Today is the start of a series I’m going to write covering artistic intent, how we convey our ideas and emotions through movement, the language of movement and where we get our ideas and movement from. It’s a big topic so I might not write on it every week but today we’re going to start work on creating your own solo.
In creative class
I teach various exercises and give tasks to get students thinking about how to create movement. One of the tasks that has a powerful effect for creating movement goes as follows. I ask students to listen to a piece of music and imagine themselves moving in response. This usually requires a moment of stillness until they “see” themselves moving in their mind. They might be inspired by the sound of a drum or a melody line or how the dynamics change or perhaps whether the harmony is “sad” or “happy”. Then, when the right time comes, whatever images and movements of themselves came to mind, they then attempt to recreate those movements with their own bodies.
It’s a fun activity requiring you to jump between different types of thinking, going from internal visualisation, to external, physical creation of that internal vision. (Don’t forget, if you want to look at visualisation in more detail, do check out my previous article “Do You Visualise?!”).
Once the students have attempted to dance what they’ve visualised, we discuss how well the sequence of movements work for them… And we soon realise that some movements don’t flow well in our bodies and whatever images we had created in our mind, we still need to rearrange them in order to fit both our bodies and match our internal ideas. It’s a refinement process that can take some time!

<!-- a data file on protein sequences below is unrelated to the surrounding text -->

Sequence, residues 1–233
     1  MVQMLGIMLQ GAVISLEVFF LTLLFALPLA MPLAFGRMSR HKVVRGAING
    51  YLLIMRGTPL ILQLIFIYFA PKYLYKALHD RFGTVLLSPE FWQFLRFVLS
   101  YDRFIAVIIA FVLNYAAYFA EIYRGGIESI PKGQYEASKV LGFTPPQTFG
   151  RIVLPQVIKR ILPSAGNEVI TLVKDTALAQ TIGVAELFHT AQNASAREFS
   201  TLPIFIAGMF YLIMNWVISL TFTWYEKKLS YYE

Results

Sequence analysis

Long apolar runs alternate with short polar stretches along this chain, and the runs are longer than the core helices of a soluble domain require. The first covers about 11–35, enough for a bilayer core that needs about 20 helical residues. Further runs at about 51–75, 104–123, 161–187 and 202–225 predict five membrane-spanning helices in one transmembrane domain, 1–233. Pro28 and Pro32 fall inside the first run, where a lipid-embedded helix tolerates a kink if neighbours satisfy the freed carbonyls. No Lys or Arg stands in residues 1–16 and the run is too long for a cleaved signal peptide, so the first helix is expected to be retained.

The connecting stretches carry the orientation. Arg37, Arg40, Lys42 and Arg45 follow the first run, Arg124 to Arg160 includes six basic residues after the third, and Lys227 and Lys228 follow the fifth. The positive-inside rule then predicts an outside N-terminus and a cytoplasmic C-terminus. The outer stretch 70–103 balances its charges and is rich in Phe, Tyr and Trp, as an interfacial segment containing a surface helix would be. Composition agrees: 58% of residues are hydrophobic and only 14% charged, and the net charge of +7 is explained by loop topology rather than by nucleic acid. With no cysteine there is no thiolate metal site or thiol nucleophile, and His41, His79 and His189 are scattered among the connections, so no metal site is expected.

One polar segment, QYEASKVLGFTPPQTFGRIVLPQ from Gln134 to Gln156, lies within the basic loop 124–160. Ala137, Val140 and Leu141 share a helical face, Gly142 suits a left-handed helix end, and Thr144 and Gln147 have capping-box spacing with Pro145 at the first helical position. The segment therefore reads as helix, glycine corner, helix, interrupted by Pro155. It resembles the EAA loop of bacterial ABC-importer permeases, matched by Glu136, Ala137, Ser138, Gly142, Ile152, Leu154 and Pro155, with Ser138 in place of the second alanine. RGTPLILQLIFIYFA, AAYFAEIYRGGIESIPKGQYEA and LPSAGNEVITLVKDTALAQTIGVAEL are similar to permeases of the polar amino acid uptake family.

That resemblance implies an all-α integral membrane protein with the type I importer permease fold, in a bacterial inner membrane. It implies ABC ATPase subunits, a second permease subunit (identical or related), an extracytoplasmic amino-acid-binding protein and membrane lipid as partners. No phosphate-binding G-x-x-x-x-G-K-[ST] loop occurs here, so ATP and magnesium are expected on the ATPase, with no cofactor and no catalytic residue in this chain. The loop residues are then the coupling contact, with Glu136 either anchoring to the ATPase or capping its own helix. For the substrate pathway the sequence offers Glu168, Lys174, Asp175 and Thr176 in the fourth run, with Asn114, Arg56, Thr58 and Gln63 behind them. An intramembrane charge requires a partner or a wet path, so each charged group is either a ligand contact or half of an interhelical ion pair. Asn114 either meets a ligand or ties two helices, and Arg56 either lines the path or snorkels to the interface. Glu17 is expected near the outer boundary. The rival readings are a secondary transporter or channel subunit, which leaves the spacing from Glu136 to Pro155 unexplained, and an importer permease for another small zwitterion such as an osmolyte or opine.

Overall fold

Make sure you have space to move around safely or do it sitting on a chair and always consider your environment when practicing dance… knocking over your priceless Ming isn’t fun!
So here we go.
- Listen to a piece of music that you feel drawn toward on some level (it could be the Chopin from this talk at 13min 10sec).
- Next, imagine yourself moving in response to some element of that music (it could be the dynamics, a particular phrase, the rhythm, a particular instrument or sound, or something else you feel about the music).
- Take some time with this and enjoy the freedom of your internal thinking.
When you feel ready, begin to recreate with your body the shapes and movements you’ve created in your mind.
How did you do? Did you get close to what was in your mind?
If you’re like most people you’ll need to repeat this process a few times to see if you can get your physical movements closer to the internal ideas you have.
Once you have a clear idea of your movements, see if you can start to memorise through repetition some of those movements and next week we’ll start to look at organising those movements into something that flows.
When you’ve gone through this process a few times tell me what music you chose, what parts of it did you respond to? The rhythm? The emotion in the music? A particular instrument or sound? Leave a comment below, I’d love to hear from you.